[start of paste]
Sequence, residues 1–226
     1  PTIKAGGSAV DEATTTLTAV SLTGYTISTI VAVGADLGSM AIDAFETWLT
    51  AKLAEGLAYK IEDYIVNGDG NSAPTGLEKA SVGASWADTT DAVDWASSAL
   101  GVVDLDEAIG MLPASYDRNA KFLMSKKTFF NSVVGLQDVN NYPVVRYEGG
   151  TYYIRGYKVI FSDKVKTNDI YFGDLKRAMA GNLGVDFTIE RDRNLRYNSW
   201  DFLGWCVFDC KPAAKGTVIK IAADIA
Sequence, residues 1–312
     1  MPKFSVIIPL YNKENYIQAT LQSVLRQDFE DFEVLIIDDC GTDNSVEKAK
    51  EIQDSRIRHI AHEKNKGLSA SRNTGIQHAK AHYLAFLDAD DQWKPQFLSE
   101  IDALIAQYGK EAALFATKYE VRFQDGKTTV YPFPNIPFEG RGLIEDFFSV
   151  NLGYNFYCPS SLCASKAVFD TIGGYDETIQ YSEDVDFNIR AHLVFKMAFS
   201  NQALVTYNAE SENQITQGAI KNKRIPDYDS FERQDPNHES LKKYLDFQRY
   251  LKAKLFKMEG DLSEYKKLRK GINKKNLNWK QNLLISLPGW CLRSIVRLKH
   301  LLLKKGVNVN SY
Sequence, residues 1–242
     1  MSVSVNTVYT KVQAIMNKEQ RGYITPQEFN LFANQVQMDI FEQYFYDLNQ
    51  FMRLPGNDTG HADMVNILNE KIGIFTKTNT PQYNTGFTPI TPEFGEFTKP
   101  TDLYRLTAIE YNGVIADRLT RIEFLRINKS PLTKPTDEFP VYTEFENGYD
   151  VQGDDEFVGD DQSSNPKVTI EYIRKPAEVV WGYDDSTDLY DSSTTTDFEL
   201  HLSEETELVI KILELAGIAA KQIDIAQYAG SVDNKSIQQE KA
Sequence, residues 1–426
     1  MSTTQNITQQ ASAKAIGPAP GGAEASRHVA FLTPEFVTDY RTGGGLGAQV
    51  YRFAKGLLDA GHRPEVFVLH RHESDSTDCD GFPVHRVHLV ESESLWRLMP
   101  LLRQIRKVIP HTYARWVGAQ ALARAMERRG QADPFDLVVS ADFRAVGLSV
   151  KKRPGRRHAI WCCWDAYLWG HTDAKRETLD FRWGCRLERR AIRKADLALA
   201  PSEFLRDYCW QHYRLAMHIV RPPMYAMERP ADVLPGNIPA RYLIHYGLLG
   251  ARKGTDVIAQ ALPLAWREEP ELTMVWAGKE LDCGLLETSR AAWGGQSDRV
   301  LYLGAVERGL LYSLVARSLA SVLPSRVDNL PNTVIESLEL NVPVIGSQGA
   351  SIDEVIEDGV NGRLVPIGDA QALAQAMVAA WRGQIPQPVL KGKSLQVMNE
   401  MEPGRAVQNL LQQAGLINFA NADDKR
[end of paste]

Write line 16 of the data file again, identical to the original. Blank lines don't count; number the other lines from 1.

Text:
     1  MSVSVNTVYT KVQAIMNKEQ RGYITPQEFN LFANQVQMDI FEQYFYDLNQ